nifoxipam is a novel depressant substance of the benzodiazepine class.
nifoxipam has potential use for the short-term treatment of anxiety, insomnia, acute seizures, and the sedation of hospitalized patients. however, it is currently exclusively sold by online research chemical vendors for use as a recreational psychoactive substance.
subjective effects include anxiety suppression, disinhibition, anticonvulsant, hypnotic, muscle relaxing, and amnesia. the effects of nifoxipam are notably long-lived, although reported to be relatively subtle.
it is worth noting that the sudden discontinuation of benzodiazepines can be potentially dangerous or life-threatening for individuals using regularly for extended periods of time, sometimes resulting in seizures or death. it is highly recommended to taper one’s dose by gradually lowering the amount taken each day for a prolonged period of time instead of stopping abruptly.
as with other benzodiazepines, nifoxipam has abuse potential and produces dependence with prolonged use. additionally, very little data exists about its metabolism, pharmacology, and toxicity. it is highly advised to use harm reduction practices if using this substance.
nifoxipam is a drug of the benzodiazepine class. benzodiazepine drugs contain a benzene ring fused to a diazepine ring, which is a seven membered ring with the two nitrogen constituents located at r1 and r4. nifoxipam, or 3-hydroxydesmethylflunitrazepam, is an active metabolite of flunitrazepam. the benzyl ring of nifoxipam is substituted at r7 with a nitro group, no2-. ar2flourine substituted phenyl ring is bound to this structure at r5. additionally, nifoxipam contains a hydroxy (oh-) group substituted at r3. nifoxipam also contains an oxygen group double bonded to r2 of its diazepine ring to form a ketone. this oxygen substitution at r2 is shared with benzodiazepine drugs with the suffix -azepam.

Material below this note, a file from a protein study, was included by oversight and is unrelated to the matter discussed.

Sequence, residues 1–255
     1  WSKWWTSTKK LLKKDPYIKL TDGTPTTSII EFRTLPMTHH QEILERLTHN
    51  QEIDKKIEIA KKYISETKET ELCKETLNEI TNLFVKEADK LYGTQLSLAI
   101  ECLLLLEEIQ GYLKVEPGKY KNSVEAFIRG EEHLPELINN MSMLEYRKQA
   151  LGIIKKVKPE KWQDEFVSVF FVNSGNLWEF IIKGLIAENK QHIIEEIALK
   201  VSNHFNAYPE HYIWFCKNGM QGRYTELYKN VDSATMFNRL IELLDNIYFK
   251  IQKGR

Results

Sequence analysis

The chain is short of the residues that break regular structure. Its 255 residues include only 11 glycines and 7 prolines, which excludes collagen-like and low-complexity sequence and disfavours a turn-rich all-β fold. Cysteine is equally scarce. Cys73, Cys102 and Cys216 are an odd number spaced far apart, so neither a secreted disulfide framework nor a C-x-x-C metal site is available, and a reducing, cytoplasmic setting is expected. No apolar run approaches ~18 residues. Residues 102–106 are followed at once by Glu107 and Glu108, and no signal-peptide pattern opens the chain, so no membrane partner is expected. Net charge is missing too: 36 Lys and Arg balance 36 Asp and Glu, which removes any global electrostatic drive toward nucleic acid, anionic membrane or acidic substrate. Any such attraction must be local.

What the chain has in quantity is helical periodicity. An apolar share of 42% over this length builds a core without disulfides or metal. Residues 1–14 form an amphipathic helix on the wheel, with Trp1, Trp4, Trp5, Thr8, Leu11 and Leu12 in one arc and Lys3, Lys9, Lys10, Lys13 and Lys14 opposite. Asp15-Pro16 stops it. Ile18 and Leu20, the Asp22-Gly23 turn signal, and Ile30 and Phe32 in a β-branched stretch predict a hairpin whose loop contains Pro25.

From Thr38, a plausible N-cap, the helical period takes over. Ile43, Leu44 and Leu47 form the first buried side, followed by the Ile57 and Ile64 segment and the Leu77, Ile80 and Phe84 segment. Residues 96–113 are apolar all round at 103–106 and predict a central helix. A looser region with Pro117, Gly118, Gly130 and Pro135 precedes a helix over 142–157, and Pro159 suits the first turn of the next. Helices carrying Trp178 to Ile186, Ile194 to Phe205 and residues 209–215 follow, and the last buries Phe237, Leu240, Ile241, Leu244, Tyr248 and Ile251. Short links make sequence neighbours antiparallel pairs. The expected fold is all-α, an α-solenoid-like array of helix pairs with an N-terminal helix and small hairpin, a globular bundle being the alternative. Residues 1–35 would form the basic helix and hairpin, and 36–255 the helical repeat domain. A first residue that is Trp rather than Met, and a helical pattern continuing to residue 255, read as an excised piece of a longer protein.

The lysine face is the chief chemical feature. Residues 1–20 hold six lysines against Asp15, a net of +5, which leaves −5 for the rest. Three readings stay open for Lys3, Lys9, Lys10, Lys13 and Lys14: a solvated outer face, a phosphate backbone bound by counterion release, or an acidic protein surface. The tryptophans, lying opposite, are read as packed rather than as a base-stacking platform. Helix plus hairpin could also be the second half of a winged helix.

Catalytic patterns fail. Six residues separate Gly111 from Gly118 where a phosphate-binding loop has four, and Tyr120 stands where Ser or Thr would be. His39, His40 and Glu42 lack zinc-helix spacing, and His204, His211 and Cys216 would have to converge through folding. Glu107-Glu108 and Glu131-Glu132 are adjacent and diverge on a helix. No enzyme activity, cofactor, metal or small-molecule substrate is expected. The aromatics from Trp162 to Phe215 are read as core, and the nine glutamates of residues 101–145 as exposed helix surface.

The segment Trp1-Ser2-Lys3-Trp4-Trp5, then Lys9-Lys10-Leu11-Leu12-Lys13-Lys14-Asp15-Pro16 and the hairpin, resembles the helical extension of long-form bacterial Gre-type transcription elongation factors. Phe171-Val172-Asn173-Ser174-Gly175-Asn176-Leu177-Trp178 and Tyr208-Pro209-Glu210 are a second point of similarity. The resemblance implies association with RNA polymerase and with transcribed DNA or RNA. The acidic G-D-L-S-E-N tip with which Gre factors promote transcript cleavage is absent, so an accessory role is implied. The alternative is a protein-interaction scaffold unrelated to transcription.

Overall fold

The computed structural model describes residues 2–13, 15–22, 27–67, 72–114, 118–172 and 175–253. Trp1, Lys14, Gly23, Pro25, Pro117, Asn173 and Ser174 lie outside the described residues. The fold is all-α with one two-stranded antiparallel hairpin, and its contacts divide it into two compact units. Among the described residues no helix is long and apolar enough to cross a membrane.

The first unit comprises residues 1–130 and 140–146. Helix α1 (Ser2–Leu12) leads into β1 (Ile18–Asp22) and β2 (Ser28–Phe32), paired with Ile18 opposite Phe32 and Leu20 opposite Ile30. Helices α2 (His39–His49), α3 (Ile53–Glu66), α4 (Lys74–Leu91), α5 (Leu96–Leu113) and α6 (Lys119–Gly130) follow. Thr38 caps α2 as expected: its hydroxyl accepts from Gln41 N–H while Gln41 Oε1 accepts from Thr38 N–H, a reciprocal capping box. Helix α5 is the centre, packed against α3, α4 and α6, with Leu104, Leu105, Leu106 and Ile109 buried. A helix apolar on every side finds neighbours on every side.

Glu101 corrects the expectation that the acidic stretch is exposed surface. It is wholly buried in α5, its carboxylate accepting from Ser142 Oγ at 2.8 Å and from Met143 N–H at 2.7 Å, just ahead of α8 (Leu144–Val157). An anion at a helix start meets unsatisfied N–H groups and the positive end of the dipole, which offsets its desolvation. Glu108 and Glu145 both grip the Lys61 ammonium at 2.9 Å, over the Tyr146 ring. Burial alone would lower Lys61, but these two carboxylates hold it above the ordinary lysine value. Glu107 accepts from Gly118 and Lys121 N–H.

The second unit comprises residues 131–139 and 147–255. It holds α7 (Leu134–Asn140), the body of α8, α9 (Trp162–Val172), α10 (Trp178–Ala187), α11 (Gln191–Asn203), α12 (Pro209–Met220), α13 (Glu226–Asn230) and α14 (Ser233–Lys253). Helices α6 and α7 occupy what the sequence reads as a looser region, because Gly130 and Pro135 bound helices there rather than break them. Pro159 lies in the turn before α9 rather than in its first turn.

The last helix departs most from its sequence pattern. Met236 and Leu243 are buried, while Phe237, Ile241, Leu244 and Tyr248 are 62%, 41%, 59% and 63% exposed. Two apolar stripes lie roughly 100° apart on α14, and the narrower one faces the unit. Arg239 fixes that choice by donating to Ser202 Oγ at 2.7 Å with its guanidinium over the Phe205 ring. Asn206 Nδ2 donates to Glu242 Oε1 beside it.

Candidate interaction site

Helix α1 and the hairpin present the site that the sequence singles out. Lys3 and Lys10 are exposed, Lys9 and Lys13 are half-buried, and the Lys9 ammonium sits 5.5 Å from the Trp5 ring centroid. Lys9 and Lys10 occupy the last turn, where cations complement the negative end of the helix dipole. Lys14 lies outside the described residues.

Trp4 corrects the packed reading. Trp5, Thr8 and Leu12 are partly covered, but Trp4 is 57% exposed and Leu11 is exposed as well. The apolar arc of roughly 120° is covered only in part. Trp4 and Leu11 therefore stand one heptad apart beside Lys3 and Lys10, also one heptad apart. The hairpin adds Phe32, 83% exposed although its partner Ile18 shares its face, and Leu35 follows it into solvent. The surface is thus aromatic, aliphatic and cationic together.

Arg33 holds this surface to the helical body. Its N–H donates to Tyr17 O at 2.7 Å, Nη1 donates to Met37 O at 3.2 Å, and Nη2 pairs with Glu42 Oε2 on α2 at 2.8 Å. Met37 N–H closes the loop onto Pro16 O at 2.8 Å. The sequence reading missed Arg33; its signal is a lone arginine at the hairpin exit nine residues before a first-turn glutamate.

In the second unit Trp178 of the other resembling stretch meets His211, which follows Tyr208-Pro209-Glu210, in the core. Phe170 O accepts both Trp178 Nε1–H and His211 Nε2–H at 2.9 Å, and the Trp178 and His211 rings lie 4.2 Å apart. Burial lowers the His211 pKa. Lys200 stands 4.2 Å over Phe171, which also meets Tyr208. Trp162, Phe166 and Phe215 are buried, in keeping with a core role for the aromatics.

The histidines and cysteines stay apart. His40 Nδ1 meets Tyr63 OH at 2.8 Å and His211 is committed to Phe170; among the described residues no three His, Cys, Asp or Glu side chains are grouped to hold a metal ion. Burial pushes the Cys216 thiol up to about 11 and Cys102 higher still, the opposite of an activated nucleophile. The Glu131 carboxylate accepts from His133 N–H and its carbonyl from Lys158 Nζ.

as with flunitrazepam, nifoxipam is likely insoluble in water, although the addition of a hydroxyl group may increase water solubility.
benzodiazepines produce a variety of effects by binding to the benzodiazepine receptor site and magnifying the efficiency and effects of the neurotransmitter gamma aminobutyric acid (gaba) by acting on its receptors. as this site is the most prolific inhibitory receptor set within the brain, its modulation results in the sedating (or calming effects) of nifoxipam on the nervous system.
the anticonvulsant properties of benzodiazepines may be, in part or entirely, due to binding to voltage-dependent sodium channels rather than benzodiazepine receptors.